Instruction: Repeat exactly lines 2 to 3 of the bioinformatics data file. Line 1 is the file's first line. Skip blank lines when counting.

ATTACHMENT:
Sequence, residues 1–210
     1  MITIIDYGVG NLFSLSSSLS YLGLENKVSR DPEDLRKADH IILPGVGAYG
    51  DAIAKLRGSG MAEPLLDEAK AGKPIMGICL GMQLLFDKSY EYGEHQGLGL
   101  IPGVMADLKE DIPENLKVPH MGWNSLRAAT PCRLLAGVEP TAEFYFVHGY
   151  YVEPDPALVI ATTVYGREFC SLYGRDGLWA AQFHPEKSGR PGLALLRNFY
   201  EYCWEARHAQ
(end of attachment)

     1  MITIIDYGVG NLFSLSSSLS YLGLENKVSR DPEDLRKADH IILPGVGAYG
    51  DAIAKLRGSG MAEPLLDEAK AGKPIMGICL GMQLLFDKSY EYGEHQGLGL